In a further attempt to derail the strikes and tie them to the capitalist ruling elite, the CITU recently called an “all party” meeting at which the Stalinists paraded before the workers leaders of various opposition parties and their affiliated unions and touted them as allies of the strikers.

Those who shared the platform with the CPM and CITI leaders at the bogus October 30th meeting in support of the Yamaha, Royal Enfield and MSI strikes included: K. Sundar, the district secretary of the DMK, the main opposition party in the Tamil Nadu state assembly; M. Shanmugam, general secretary of the Labor Progressive Front, which is affiliated to the DMK; and P. Damodaran, state assistant secretary of the Indian National Trade Union Congress (INTUC), the union wing of the big business Congress Party. Leaders of several other Tamil Nadu-based bourgeois parties, including the MDMK, PMK and VCK, were also invited to address the meeting and pose as supporters of the autoworkers.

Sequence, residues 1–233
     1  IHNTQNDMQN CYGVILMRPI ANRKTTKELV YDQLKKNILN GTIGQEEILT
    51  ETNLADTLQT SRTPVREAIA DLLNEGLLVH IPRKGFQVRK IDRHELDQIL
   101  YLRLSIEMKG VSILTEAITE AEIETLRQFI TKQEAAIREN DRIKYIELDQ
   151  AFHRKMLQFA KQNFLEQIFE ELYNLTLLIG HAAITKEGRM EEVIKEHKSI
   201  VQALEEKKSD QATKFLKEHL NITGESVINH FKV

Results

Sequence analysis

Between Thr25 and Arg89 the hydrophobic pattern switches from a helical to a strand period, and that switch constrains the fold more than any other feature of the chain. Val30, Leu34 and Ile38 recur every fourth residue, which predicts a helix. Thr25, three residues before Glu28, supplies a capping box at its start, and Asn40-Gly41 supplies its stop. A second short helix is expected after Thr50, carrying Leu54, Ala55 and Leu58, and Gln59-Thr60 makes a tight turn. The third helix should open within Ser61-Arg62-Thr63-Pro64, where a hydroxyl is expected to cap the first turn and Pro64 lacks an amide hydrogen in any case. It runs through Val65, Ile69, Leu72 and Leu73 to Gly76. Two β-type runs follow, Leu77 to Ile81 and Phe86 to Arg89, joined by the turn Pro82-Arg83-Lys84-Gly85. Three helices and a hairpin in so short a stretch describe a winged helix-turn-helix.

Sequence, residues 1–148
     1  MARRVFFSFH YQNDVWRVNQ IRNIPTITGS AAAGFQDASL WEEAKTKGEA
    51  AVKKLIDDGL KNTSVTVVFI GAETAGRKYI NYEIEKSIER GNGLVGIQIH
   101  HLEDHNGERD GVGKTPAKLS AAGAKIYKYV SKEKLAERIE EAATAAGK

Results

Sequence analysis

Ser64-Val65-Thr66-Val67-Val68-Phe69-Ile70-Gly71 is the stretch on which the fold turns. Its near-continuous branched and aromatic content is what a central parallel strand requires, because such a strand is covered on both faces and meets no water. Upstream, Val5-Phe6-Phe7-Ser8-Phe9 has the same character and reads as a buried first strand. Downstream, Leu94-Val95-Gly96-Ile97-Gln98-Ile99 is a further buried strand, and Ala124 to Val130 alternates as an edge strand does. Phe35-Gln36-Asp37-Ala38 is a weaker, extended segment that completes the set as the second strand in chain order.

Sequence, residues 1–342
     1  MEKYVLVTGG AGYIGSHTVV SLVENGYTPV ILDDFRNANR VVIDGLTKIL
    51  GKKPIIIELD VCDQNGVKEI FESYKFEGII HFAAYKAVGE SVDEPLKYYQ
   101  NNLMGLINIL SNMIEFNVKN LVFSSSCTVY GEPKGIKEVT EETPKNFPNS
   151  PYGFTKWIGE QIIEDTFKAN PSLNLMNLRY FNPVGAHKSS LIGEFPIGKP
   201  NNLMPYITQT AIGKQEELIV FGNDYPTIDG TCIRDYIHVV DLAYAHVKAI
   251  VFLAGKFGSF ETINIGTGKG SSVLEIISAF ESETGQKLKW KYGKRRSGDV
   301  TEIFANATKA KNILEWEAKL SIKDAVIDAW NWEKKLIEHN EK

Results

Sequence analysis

Addressing the meeting, CPM Tamil Nadu state leader A. Soundarajan claimed that the auto workers’ struggle has been “transformed,” and is now “between all [opposition] political parties versus the state government.”

Such claims are nothing less than an attempt to implant a kiss of death on the Yamaha, Royal Enfield, and MSI workers’ struggle.

All of the aforementioned parties are fully committed to the anti-working class, pro-investor agenda of the bourgeoisie that has resulted in the exponential growth of India’s billionaires over the past two decades, from 2 to more than 130, even while hundreds of millions are condemned to survive on less than $2 per day.

The Congress Party—until recently the Indian bourgeoisie’s preferred party of government—initiated the pro-market reforms when it ruled India between 1991 and 1996, and accelerated them and forged a global strategic partnership with US imperialism when it headed the UPA government from 2004-14.

The DMK has a similar anti-working class record, both as Tamil Nadu’s governing party and as a junior partner in Congress- and BJP-led central governments. The smaller regional parties are satellites of the big business DMK and AIADMK and their respective partners on the all-India political arena.